Review: Airborne Hob Goblin

A direct to consumer 110mm carbon 29er

29er Cross Country Pro Reviews

As one of the early adopters of the direct to consumer sales strategy, Ohio-based Airborne Bicycles has been creating a mix of budget-friendly mountain bikes to suit any riding style since 1997. Offering a full line of mountain bikes with price tags less than $4,000, Airborne is pushing the consumer-direct market with free shipping and a 30-day satisfaction guarantee. Coming in at $3,299, the Hob Goblin is Airborne’s carbon-framed, 110mm travel, XC 29er and comes spec’d with a SRAM NX Eagle drivetrain, SRAM Level T Brakes, RockShox Reba RL 120mm fork, and RaceFace cockpit items. Our test bike came without a dropper post, but it is available as an optional addition at the time of purchase. Designed around a modern XC geometry, the Hob Goblin offers a mix of XC efficiency with comfortable angles and subtle yet thoughtful design characteristics.

Airborne Hob Goblin Highlights 

Airborne branded hubs and rims help to keep the price point low while SRAM NX Eagle offers up an attractive build package.

With the progressive trend of longer and slacker geometries and increasing versatility in the trail bike genre, the XC market seems to receive far less exposure than their longer travel brethren. But from my experience, the 100mm-120mm travel 29er is one of the more versatile and widely accepted options for many mountain bikers around the country. Sure, it’s great to smash down a technical trail on a modern, slack 140-160mm trail bike, but in many areas those bikes are overkill. For most of my daily riding, the Hob Goblin seems to fit the bill nicely and has drawn me toward longer rides with more climbing and more exploration.

Airborne hit a home run with the sleek aesthetics of the Hob Goblin carbon frame.

Out of the box, the Hob Goblin comes partially assembled from the company’s Dayton, OH headquarters. From a consumer standpoint, the build is relatively straightforward with basic technical knowledge, but if you’re a new rider or have limited technical experience, we’d recommend taking your Airborne in for professional assembly at your local shop. Although this seems like an added expenditure and Airborne offers assembly instructions on their site, it’s worth knowing your bike was assembled properly and supporting your local shop can also open up great connections.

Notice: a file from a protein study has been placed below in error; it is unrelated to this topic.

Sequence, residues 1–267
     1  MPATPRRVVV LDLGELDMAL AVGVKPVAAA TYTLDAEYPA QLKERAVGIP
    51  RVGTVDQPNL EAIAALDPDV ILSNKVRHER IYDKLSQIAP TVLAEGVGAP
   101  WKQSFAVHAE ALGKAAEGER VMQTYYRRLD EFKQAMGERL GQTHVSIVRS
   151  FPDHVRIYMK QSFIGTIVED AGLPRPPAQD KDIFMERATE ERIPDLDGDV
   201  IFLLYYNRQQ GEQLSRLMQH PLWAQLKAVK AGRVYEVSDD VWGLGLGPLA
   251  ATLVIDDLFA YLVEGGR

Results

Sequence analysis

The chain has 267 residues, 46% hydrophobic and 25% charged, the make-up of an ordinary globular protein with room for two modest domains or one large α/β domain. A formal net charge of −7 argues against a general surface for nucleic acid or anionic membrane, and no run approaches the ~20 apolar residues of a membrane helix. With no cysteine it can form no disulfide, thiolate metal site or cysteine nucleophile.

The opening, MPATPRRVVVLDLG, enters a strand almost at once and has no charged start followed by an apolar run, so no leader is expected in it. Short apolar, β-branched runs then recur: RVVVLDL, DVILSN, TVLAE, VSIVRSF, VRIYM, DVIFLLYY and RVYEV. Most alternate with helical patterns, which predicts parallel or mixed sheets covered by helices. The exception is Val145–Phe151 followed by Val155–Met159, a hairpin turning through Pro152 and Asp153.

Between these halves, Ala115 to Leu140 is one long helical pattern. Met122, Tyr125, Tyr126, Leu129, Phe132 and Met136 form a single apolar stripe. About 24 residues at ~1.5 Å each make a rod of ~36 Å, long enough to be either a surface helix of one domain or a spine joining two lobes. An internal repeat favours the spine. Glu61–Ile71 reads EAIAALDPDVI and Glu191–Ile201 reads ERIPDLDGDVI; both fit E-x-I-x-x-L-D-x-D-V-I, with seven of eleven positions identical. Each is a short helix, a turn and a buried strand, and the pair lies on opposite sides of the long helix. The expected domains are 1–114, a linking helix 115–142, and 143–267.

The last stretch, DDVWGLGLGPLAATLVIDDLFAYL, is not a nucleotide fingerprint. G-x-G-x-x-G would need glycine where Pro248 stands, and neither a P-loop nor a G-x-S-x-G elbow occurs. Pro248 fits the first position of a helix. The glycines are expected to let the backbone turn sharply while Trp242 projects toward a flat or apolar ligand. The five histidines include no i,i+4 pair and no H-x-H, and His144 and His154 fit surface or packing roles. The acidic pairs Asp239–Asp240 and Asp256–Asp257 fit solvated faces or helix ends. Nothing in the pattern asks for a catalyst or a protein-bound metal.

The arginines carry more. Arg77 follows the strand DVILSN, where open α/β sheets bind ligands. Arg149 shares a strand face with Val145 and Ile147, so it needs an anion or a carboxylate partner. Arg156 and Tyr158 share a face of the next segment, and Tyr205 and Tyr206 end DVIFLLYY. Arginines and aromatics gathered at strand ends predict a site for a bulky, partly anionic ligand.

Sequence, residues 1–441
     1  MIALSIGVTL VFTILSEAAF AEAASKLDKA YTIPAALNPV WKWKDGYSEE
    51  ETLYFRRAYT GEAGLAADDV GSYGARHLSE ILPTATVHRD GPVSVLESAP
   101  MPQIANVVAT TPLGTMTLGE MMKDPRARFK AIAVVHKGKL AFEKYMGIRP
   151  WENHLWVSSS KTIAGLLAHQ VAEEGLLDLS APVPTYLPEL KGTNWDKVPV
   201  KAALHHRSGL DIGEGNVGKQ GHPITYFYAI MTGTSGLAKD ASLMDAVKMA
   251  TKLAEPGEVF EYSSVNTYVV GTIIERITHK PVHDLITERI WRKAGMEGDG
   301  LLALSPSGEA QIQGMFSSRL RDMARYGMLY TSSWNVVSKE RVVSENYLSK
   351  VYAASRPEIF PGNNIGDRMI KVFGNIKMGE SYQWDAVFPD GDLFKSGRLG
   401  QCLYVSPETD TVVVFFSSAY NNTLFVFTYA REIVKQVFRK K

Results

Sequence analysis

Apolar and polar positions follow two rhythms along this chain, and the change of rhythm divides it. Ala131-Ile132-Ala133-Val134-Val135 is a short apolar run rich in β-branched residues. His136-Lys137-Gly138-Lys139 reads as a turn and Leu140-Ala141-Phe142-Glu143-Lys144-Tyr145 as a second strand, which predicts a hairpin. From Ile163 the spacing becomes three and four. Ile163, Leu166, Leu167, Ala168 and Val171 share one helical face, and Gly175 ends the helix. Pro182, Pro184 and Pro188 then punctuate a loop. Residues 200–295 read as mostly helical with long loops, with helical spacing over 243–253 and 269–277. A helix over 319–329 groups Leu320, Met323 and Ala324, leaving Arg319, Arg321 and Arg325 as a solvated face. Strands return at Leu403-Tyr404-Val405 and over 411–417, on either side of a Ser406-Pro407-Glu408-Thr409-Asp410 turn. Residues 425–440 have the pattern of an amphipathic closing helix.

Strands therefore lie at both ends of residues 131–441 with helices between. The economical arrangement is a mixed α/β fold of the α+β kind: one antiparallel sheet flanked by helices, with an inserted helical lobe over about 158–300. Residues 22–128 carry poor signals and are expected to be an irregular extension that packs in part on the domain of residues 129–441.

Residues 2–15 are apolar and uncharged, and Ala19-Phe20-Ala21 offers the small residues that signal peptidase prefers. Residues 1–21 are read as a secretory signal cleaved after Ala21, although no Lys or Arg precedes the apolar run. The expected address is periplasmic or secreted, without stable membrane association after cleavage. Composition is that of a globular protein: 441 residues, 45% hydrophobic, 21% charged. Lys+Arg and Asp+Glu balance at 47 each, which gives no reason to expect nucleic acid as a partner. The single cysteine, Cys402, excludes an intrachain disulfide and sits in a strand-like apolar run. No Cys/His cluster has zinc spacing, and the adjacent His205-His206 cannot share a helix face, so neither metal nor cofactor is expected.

Airborne Hob Goblin geometry.

Airborne Hob Goblin geometry.

Once assembled, my first ride aboard the Hob Goblin consisted of an 18-mile XC ride with 3k feet of climbing with a mix of fire road, singletrack, and a bit of high-speed technical descending. Usually tackled aboard my daily driver, a 140mm travel 29er, I was pleased with the Hob Goblin’s climbing efficiency and comfortable positioning. I opted for a large frame, as it’s what I ride in many of the modern trail bike, but found the Hob Goblin to fit a bit larger in both the reach and stack measurements.

Stout frame linkage makes for a laterally stiff frame.

After my first ride, I opted for a shorter stem to shorten up the reach from the stock 60mm stem. At 5’10” I often fit right between medium and large frames and have trended toward large frames but with the Hob Goblin I’d prefer to drop to a medium. Dropping down to a 45mm stem, I was able to get the fit of the large to fit comfortably and found the bike to be quite confidence-inspiring in most trail situations even with the bikes XC build, for a bit more confidence, a wide profile tire and wheel combo would definitely up its game.

Internal cable routing adds to the sleek aesthetic of the Hob Goblin while also reducing cable rattle.

The more time I spent aboard the Hob Goblin, the more capable it felt. On the climbs, the bike felt planted and showed little unwanted suspension movement. Once the trail tipped downward, the Hob Goblin offered good stability with a surprisingly spry and playful feel. Despite the lack of a dropper post, smooth fast descents were a blast aboard the Hob Goblin as I sought out all the optional drops and jumps.

Though it loves to climb, the Hob Goblin offered up a playful feel on the descents and felt surprisingly capable.

Verdict

With it’s XC-focused design and geometry, the Hob Goblin is a great bike for riders looking for a fun yet efficient full suspension bike. It loves to go fast both up and down and, with a few small adjustments, its playful nature really comes alive. If you want a shorter-travel bike that can hold its own in cross-country races while also being a blast to rip with your friends on smoother trails, the Hob Goblin is a great choice.


About the author: Jordan Carr

Having spent more than half his life riding all types of bikes at almost every type of cycling event, Carr loves the freedom two-wheeled travel has brought to his life. Having spent many years behind the stand at a bike shop, he’s tested mountain bike products for a number of publications. Follow Carr's adventures as they travel the country promoting trails and mountain biking on Facebook and Instagram.



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